United Technologies and Raytheon to create $120bn aerospace and defence giant

Deal will create conglomerate which spans commercial aviation and defense procurement

Raytheon and United Technologies have agreed to merge, the companies said in a joint statement. Photograph: Jim Watson/AFP/Getty Images

Raytheon and United Technologies have agreed to merge, the companies said in a joint statement. Photograph: Jim Watson/AFP/Getty Images

 

US engineering and electronics company United Technologies has agreed to combine its aerospace business with US contractor Raytheon and create a new company worth about $121 billion(€107 billion), in what would be the sector’s biggest ever merger.

The deal would reshape the competitive landscape by forming a conglomerate which spans commercial aviation and defence procurement.

United Technologies provides primarily commercial aircraft makers with electronics, communications and other equipment, whereas Raytheon mainly supplies the US government with military aircraft and missile equipment. While United Technologies and Raytheon have some common customers, their business overlap is limited, an argument the companies plan to make once US antitrust regulators start scrutinising the merger.

However, the two major commercial aircraft makers, Boeing and Airbus, as well as the Pentagon, have been known to use their significant purchasing power to seek concessions from their suppliers and may not welcome a potential lessening in competition among them.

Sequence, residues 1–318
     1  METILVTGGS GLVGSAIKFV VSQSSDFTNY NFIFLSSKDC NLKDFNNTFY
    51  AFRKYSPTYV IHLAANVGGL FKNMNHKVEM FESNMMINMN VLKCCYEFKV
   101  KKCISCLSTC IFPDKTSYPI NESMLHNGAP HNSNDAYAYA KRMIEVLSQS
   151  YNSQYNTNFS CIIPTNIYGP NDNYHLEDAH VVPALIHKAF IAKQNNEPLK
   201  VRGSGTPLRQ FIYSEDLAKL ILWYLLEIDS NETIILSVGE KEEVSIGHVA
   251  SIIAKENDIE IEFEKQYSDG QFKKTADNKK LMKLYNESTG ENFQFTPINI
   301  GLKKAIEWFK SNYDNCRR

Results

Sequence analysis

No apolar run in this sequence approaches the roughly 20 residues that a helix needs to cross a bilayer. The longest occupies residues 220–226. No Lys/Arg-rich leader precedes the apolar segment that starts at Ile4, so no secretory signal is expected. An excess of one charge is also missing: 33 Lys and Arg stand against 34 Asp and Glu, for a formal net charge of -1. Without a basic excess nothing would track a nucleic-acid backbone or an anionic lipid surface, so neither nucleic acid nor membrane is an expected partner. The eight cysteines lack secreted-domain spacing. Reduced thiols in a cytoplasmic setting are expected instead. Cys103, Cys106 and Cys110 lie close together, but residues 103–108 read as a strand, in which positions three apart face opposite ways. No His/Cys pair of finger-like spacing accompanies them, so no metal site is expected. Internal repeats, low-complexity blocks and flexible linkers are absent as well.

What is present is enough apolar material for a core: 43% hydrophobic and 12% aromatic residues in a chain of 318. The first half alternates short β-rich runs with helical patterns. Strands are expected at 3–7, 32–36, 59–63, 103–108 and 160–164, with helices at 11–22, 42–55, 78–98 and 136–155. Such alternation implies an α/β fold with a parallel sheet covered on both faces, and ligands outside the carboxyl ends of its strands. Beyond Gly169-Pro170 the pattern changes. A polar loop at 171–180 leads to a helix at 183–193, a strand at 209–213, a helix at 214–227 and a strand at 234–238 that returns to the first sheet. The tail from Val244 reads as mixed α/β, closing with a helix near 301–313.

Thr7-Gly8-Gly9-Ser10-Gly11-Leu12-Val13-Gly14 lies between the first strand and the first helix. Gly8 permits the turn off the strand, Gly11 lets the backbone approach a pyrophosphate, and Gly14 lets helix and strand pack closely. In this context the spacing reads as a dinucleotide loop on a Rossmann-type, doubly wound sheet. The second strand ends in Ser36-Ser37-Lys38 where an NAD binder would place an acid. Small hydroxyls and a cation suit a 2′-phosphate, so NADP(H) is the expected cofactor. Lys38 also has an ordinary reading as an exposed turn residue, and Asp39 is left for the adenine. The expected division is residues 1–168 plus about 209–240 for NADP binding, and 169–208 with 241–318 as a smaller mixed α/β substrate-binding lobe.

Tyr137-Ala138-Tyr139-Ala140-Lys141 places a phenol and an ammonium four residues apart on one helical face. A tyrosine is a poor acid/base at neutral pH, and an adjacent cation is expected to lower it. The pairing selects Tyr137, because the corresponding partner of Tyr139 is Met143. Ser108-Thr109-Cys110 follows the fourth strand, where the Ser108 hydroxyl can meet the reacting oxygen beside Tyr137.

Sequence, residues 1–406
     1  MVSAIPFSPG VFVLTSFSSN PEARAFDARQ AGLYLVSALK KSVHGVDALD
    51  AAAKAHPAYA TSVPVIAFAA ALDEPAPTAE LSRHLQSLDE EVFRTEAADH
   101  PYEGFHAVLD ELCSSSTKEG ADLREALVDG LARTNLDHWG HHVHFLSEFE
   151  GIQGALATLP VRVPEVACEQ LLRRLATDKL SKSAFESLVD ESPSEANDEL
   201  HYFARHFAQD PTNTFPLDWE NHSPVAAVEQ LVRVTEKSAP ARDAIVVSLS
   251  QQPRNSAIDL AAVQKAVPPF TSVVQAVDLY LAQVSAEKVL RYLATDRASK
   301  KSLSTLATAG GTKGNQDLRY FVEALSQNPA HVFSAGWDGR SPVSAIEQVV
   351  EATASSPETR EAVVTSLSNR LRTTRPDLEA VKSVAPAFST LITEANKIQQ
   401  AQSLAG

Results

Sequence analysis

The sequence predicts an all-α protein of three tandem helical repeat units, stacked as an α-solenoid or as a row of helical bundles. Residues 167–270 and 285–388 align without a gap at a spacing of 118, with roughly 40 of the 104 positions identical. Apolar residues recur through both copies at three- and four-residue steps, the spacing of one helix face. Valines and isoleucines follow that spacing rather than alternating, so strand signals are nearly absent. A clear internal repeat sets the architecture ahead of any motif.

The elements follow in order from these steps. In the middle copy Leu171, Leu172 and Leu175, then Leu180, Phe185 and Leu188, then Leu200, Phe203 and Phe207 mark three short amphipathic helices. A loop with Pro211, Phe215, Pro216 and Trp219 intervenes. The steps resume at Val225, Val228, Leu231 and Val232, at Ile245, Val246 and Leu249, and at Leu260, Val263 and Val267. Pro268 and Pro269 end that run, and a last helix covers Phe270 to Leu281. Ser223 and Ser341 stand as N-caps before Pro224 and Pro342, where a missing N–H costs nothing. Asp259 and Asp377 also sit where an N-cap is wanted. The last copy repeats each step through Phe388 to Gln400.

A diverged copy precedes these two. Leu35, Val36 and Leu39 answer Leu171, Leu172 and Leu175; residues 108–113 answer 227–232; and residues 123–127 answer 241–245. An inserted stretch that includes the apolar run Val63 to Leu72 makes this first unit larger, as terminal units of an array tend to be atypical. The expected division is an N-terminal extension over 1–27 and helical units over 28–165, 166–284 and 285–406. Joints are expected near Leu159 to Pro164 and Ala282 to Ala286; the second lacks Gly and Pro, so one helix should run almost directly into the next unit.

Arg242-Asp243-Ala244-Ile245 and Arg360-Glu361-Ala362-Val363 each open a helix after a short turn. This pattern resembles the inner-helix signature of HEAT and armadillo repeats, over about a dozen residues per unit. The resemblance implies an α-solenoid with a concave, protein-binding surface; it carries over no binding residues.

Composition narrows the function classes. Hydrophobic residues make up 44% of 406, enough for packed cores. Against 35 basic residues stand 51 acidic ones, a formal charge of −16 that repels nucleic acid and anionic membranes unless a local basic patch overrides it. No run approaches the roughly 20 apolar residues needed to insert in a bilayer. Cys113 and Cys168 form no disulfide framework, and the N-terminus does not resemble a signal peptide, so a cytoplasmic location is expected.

When United Technologies rebuffed an acquisition offer from Honeywell International in 2016, United Technologies chief executive Greg Hayes justified the decision partly by predicting that Boeing and Airbus would never accept having a supplier that would “build the plane from tip to tail”.

Aerospace business

United Technologies has said it is on track to separate its Carrier air conditioning and Otis elevator businesses, leaving the company focused on its aerospace business through its $23 billion acquisition of Rockwell Collins, which was completed in 2018, and the Pratt & Whitney engines business. Chinese authorities scrutinised the acquisition of aircraft parts maker Rockwell Collins closely, given the companies’ footprint in that country’s market. This resulted in the deal closing in November 2018, as opposed to the targeted third quarter.

Trade tensions between the US and China were blamed at least partly by analysts for that delay, but a source close to the deal said the companies did not expect this to be repeated because Raytheon does not do business in China.

Under the deal, Raytheon shareholders will receive 2.3348 shares in the combined company for each Raytheon share. The merger is expected to result in more than $1 billion in cost synergies by the end of the fourth year, the companies said.

United Technologies shareholders will own about 57 per cent of the combined business, called Raytheon Technologies Corporation, which will be led by Hayes. Raytheon shareholders will own the remaining stake, and Raytheon chief executive Tom Kennedy will be named executive chairman. The companies negotiated the terms over several months, according to the source, who requested anonymity discussing the confidential deliberations. The deal has been structured so that no shareholder of either company will receive a premium.

United Technologies and Raytheon have market capitalisations of $114 billion and $52 billion, respectively. The deal is expected to close in the first half of 2020. The newly created company is expected to return between $18 billion and $20 billion of capital to shareholders in the first three years after the deal’s completion, the companies said. The new company will also assume about $26 billion in net debt, they added. – Reuters